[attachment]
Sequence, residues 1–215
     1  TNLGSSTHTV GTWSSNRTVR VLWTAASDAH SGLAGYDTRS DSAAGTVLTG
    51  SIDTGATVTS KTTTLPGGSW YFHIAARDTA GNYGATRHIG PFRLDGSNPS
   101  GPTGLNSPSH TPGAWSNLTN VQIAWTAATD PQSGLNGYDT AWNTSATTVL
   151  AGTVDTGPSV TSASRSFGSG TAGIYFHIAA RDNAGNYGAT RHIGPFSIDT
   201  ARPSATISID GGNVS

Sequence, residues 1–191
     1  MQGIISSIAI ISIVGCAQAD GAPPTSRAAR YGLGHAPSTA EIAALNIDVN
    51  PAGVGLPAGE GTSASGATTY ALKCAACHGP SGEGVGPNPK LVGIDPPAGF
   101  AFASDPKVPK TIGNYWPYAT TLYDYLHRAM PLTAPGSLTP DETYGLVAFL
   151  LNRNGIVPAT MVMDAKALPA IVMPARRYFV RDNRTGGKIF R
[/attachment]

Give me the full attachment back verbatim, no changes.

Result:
Sequence, residues 1–215
     1  TNLGSSTHTV GTWSSNRTVR VLWTAASDAH SGLAGYDTRS DSAAGTVLTG
    51  SIDTGATVTS KTTTLPGGSW YFHIAARDTA GNYGATRHIG PFRLDGSNPS
   101  GPTGLNSPSH TPGAWSNLTN VQIAWTAATD PQSGLNGYDT AWNTSATTVL
   151  AGTVDTGPSV TSASRSFGSG TAGIYFHIAA RDNAGNYGAT RHIGPFSIDT
   201  ARPSATISID GGNVS

Sequence, residues 1–191
     1  MQGIISSIAI ISIVGCAQAD GAPPTSRAAR YGLGHAPSTA EIAALNIDVN
    51  PAGVGLPAGE GTSASGATTY ALKCAACHGP SGEGVGPNPK LVGIDPPAGF
   101  AFASDPKVPK TIGNYWPYAT TLYDYLHRAM PLTAPGSLTP DETYGLVAFL
   151  LNRNGIVPAT MVMDAKALPA IVMPARRYFV RDNRTGGKIF R